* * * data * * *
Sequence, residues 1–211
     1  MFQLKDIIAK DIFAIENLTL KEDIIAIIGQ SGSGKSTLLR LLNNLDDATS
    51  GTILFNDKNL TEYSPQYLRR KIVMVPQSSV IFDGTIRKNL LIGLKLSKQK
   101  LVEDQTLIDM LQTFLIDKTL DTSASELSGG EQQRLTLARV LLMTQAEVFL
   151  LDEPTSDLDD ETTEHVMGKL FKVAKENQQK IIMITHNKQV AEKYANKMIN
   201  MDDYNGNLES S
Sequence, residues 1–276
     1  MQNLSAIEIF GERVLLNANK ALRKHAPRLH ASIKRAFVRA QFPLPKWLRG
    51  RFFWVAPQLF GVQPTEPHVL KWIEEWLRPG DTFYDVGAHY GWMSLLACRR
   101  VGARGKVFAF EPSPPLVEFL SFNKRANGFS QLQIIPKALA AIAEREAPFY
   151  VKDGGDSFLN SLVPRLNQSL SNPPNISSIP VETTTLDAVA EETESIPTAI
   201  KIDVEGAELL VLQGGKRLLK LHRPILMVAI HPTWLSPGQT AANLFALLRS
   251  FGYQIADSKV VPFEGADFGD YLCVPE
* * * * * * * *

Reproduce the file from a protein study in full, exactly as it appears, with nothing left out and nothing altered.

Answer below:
Sequence, residues 1–211
     1  MFQLKDIIAK DIFAIENLTL KEDIIAIIGQ SGSGKSTLLR LLNNLDDATS
    51  GTILFNDKNL TEYSPQYLRR KIVMVPQSSV IFDGTIRKNL LIGLKLSKQK
   101  LVEDQTLIDM LQTFLIDKTL DTSASELSGG EQQRLTLARV LLMTQAEVFL
   151  LDEPTSDLDD ETTEHVMGKL FKVAKENQQK IIMITHNKQV AEKYANKMIN
   201  MDDYNGNLES S
Sequence, residues 1–276
     1  MQNLSAIEIF GERVLLNANK ALRKHAPRLH ASIKRAFVRA QFPLPKWLRG
    51  RFFWVAPQLF GVQPTEPHVL KWIEEWLRPG DTFYDVGAHY GWMSLLACRR
   101  VGARGKVFAF EPSPPLVEFL SFNKRANGFS QLQIIPKALA AIAEREAPFY
   151  VKDGGDSFLN SLVPRLNQSL SNPPNISSIP VETTTLDAVA EETESIPTAI
   201  KIDVEGAELL VLQGGKRLLK LHRPILMVAI HPTWLSPGQT AANLFALLRS
   251  FGYQIADSKV VPFEGADFGD YLCVPE